Six Steps to Support Child with Mental Illness Disability at School
If your child’s disability is a form of mental illness, your school may or may not be prepared to cope. Here are some issues to watch out for.
1. The school may not want to evaluate your child. School personnel may or may not understand that mental illness can be a disability under IDEA. You may need to push hard for an initial evaluation under IDEA. Even if an initial evaluation is granted, some school districts only utilize learning disability psychometrics and these do not assess or identify Emotional and Behavior Disorder (EBD) type clinical syndrome. Be sure to document all your requests.
2. The school’s personnel may not be qualified to evaluate your child. School personnel have a lot of experience with certain disabilities, but not with all disabilities. Mental illness can be complex and challenging. Under IDEA, you are entitled to full information about an evaluation. This includes the credentials of the evaluators and what tests will be given to your child, including what that test is assessing. Ask for this in writing.
3. Consider supplementing the evaluation of your child with a true expert report. Under IDEA, parents can get additional testing or expert opinions for the team that is evaluating their child or designing the IEP to consider. One good way to do this is to provide a report. An even better way is to have the expert attend the IEP meeting. If you have a report from a highly-qualified expert, that will go a long way if you have to challenge the school’s decision. Sometimes parents say that they want to wait and ask for an independent evaluation at the school’s expense. You have the right to do that. But the school may not agree to fund it, and you will still be coming in with a rebuttal evaluation, rather than being part of the initial process. One option is to inquire of your medical insurance if the evaluation procedure, done by a licensed psychologist, would be covered.
4. Does the school understand your child’s triggers and limitations? For a child with a mental illness, this can be a very serious issue indeed. If the school puts your child in an environment where he or she cannot cope, the child may fall apart. And unlike a neurotypical child, who will probably recover pretty well, the child with a mental illness may have some kind of break or downward spiral. For the child with a mental illness, you may need to work very hard to make sure the school understands—perhaps in writing, from a healthcare provider —what the child can or cannot handle. The doctoral level psychologist, such as an educational psychologist, school psychologist, or child clinical psychologist, can provide a specific individual treatment plan integrated into the individual education plan.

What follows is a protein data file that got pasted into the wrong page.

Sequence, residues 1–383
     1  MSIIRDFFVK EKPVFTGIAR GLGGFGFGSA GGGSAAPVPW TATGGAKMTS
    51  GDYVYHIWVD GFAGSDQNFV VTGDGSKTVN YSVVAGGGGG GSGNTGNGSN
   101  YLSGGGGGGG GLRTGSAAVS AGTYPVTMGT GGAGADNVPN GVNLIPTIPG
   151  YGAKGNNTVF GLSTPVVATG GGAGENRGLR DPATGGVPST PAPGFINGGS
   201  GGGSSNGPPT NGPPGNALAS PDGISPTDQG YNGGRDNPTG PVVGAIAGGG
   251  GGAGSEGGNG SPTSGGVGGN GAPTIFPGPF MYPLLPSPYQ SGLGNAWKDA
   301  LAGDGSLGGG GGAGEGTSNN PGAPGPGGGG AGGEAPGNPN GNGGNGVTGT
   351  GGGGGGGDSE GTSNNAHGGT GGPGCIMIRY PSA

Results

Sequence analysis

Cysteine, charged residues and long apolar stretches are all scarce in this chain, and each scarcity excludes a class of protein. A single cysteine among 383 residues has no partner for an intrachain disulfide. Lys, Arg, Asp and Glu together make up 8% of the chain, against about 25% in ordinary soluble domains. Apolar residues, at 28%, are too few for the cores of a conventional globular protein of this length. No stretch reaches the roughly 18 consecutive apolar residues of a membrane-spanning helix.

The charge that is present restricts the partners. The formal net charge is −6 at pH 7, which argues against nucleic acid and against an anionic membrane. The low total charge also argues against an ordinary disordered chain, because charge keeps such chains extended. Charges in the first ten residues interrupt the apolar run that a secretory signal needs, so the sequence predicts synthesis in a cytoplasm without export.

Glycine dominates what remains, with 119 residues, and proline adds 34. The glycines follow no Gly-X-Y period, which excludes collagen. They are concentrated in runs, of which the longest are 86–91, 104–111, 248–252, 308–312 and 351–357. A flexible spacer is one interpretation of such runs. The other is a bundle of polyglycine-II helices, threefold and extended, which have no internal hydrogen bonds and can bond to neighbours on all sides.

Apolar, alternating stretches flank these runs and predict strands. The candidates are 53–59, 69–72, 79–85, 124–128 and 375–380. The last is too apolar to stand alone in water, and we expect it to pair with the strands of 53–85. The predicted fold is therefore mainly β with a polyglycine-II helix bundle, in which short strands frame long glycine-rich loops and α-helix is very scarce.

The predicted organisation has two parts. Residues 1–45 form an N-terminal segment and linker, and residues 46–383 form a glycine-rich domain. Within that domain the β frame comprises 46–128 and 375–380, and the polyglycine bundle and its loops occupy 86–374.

5. What if school administrators want to interview your child? If there is any possibility at all of behavioral issues with your child, consider this issue carefully. Is your child suggestible or fragile? What will happen if an adult gets him or her alone in a room and puts on pressure for the child to admit to something—perhaps that he doesn’t have a disability or that she committed a criminal offense? What if an administrator interviewed your child with a school resource officer sitting there, as a way of avoiding Miranda limitations. Your child with a mental illness may need additional protection. You can file a letter with the school stating that administration may not interview your child without parental permission, especially if your care provider believes that is an appropriate part of the child’s safety plan. It may not stop the interview from happening, but if there is a dispute, it helps establish your position. Depending on the situation, you may want to consider retaining a child advocate to be present during the administrative interview, clinical interview, or evaluation of your child.
6. Does your child with a mental illness have a safety plan? If your medical or psychological provider has helped develop a safety plan, the school has an obligation under Section 504 to consider the plan seriously and perhaps implement it. Consider having a formal safety plan for your child. With a safety plan in place, inquire of each teacher if s/he is fully engaged in implementing the safety plan.
Because of the generality of the information on this site, it may not apply to a given place, time, or set of facts. It is not intended to be legal advice, and should not be acted upon without specific legal advice based on particular situations